Saving the world with Open Data and Python
The policy side
While it may seem to some developers that Open Data has been around forever and we probably don’t need to talk about it anymore, it’s important to remember why Open Data is something that people keenly push for.
When an Open Data standard is created and promoted, it’s important to think why - what change is this trying to drive? What will people do with this data that they couldn’t do before?
For instance, the Open Contracting Data Standard makes open the details of governments contracting out services and projects to private companies. It makes the data useable and tries to help people actually use it. By doing so, the aim is to root out corruption, open up the process to more bidders and drive efficiency, and save governments money.
At Open Data Services we work on many standards - for instance, the Beneficial Ownership Data Standard opens data on people who ultimately own, control or benefit from companies around the world. As more and more countries try and cut down on tax avoidance, this data really helps.
And that’s part of what we do - we work with our clients on their policy goals, and make sure that the Open Data standard they produce matches and builds on their policy goals.
That’s how we can claim that our work saves the world - it’s great when we see people like ProZorro in Ukraine using Open Contracting Data to fight corruption and save their Goverment ￡1.2 billion.
The Python Side
We use Python as our tool of choice; from analysis in Jupyter with Google Colab notebooks to full Sphinx websites and the spreadsheets. Wait, the spreadsheets?
Yup - spend any time in the world of Open Data and you’ll soon find that people love their spreadsheets. And while some developers will be rolling their eyes right now, it’s important to remember that for some people spreadsheets are a very powerful tool that enable them to do great data work they wouldn’t be able to do otherwise.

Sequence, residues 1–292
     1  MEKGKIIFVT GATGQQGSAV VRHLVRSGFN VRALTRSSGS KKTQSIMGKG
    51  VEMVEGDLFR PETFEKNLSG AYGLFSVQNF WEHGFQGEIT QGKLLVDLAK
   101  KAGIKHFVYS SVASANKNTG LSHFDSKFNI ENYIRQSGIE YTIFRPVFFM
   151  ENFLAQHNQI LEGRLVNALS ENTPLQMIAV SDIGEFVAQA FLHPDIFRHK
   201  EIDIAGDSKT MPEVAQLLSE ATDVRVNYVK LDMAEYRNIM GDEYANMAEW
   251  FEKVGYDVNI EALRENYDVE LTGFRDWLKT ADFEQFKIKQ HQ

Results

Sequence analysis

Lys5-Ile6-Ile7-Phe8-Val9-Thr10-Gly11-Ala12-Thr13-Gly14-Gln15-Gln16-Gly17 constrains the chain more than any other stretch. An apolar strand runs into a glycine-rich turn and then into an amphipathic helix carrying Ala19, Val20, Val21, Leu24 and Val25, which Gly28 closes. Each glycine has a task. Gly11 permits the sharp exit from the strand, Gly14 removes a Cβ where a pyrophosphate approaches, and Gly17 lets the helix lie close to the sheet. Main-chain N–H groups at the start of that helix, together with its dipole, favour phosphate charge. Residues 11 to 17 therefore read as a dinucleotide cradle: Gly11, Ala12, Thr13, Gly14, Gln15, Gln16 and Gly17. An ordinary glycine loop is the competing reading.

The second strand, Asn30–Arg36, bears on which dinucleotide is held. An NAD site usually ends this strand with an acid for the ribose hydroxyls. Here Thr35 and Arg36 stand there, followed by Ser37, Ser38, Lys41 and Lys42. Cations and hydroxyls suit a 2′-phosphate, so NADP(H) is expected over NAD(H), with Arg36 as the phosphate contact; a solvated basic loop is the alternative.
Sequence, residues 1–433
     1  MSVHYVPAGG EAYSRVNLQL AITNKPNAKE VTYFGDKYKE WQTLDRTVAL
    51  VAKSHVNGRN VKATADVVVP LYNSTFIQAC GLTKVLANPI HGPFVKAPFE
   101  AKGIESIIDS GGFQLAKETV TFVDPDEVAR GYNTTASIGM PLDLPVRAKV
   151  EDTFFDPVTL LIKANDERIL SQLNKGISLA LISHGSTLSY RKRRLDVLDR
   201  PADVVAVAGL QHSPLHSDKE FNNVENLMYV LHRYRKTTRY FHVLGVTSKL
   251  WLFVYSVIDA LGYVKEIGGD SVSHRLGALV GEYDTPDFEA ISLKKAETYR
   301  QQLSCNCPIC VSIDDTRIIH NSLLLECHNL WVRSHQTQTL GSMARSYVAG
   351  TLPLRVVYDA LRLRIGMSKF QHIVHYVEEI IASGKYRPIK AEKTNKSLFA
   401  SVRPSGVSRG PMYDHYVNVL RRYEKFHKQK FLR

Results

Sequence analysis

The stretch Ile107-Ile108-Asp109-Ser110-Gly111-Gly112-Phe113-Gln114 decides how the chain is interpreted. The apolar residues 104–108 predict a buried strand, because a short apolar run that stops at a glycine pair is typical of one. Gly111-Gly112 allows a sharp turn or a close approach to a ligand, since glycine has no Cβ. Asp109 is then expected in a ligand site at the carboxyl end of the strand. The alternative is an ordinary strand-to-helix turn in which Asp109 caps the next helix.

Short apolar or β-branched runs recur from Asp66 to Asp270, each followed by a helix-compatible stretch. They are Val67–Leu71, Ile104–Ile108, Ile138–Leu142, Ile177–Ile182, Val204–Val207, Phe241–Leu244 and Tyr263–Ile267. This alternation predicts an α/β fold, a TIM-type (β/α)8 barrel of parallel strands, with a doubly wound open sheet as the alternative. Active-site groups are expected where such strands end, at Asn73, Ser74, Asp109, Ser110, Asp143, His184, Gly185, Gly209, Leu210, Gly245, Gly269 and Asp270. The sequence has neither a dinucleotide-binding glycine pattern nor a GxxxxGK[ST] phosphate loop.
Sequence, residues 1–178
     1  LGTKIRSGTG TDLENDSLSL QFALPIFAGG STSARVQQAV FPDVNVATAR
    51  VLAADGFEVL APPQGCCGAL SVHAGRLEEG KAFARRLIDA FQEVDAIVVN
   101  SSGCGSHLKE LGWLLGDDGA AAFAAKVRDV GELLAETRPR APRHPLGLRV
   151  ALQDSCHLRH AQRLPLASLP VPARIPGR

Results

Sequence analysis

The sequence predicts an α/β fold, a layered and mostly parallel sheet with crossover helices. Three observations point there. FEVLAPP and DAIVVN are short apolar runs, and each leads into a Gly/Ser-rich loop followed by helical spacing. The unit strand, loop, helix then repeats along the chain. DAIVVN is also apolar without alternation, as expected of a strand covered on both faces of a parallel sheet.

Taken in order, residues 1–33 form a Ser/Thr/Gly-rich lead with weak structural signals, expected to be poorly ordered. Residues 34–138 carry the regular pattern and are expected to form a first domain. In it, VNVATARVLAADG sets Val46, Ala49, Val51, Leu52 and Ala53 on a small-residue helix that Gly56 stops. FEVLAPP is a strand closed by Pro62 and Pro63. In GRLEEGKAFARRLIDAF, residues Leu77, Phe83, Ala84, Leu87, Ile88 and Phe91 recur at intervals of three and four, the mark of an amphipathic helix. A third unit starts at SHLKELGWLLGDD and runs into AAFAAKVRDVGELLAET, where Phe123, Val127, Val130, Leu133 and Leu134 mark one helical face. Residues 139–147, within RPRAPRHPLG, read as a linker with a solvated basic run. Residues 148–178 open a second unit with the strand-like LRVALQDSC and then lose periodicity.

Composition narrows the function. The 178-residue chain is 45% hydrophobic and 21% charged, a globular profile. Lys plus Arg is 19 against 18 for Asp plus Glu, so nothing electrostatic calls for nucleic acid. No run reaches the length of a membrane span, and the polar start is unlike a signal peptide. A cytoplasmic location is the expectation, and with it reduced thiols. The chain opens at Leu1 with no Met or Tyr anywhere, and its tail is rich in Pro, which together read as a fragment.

So we have to embrace that, and this lead to one of the Python tools we have released as Open Source - Flatten Tool.
Flatten Tool takes a JSON data file, and produces a spreadsheet of it’s contents. Of course a JSON data file may not be a flat structure and may have lists within lists and so on - we handle that by producing multiple sheets in an Excel file or multiple CSV files.
Flatten Tool also takes a set of spreadsheets and produces a JSON file of your data. If you have a JSON Schema file describing your standard that helps. Also finally, we can take a JSON Schema file and produce a set of spreadsheet templates.
This makes it easy for people to work with their favourite tools - spreadsheets - and for us to still be able to easily work with the data, both in terms of sending them data and dealing with data from them.
Thanks to Python’s PyPi and pip, we include this as a library in other projects we do. We produce websites for the data standards we work on where people can upload some data - in it’s official JSON standard form, or as a spreadsheet - and we’ll take the data, analyse it and highlight problems and statistics with the data. We also offer conversion - so you can upload a spreadsheet and if it’s good, you can download a JSON file in the correct format.
At Open Data Services some of our members* are developers and some analysts - but even our analysts are very technical and are able to dive into the nitty gritty of issues with our developers. We don’t doubt that the welcoming Python language and ecosystem help with that - Thanks Python!
- Members? We are also a workers co-op - but that’s a story for another day!